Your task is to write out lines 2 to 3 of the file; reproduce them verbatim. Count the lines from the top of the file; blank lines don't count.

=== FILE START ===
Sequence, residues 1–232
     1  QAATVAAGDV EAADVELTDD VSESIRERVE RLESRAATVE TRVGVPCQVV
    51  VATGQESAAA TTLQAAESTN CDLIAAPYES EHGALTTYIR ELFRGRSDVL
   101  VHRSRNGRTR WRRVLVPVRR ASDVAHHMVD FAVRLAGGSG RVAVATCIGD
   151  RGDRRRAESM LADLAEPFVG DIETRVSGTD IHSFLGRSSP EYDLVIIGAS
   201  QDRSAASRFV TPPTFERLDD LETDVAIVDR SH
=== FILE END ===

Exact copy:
     1  QAATVAAGDV EAADVELTDD VSESIRERVE RLESRAATVE TRVGVPCQVV
    51  VATGQESAAA TTLQAAESTN CDLIAAPYES EHGALTTYIR ELFRGRSDVL